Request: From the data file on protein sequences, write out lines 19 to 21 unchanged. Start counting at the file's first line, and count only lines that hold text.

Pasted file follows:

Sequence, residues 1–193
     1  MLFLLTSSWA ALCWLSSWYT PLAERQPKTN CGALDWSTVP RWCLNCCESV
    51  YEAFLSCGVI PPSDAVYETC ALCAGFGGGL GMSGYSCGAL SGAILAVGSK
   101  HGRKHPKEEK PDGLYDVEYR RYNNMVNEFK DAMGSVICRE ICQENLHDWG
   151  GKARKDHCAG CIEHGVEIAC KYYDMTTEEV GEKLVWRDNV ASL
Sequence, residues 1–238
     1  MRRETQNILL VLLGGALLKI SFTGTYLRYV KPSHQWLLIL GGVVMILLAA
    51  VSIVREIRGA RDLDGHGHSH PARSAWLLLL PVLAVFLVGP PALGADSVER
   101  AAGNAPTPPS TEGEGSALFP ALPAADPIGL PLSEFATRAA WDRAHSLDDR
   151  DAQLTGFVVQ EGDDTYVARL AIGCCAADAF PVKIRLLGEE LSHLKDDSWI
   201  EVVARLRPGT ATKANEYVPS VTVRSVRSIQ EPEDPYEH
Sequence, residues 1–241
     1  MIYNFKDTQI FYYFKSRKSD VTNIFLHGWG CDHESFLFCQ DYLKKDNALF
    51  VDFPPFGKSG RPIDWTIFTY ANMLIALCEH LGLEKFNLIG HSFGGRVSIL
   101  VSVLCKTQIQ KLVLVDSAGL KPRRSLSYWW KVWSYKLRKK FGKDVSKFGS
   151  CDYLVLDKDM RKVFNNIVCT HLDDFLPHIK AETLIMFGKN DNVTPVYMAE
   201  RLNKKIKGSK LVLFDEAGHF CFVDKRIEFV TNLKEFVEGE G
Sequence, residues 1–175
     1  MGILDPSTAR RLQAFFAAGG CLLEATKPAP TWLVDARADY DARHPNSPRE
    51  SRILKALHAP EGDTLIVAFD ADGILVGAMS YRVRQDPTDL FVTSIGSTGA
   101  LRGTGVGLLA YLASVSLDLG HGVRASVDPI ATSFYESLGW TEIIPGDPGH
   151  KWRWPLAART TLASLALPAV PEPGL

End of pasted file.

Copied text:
     1  MGILDPSTAR RLQAFFAAGG CLLEATKPAP TWLVDARADY DARHPNSPRE
    51  SRILKALHAP EGDTLIVAFD ADGILVGAMS YRVRQDPTDL FVTSIGSTGA
   101  LRGTGVGLLA YLASVSLDLG HGVRASVDPI ATSFYESLGW TEIIPGDPGH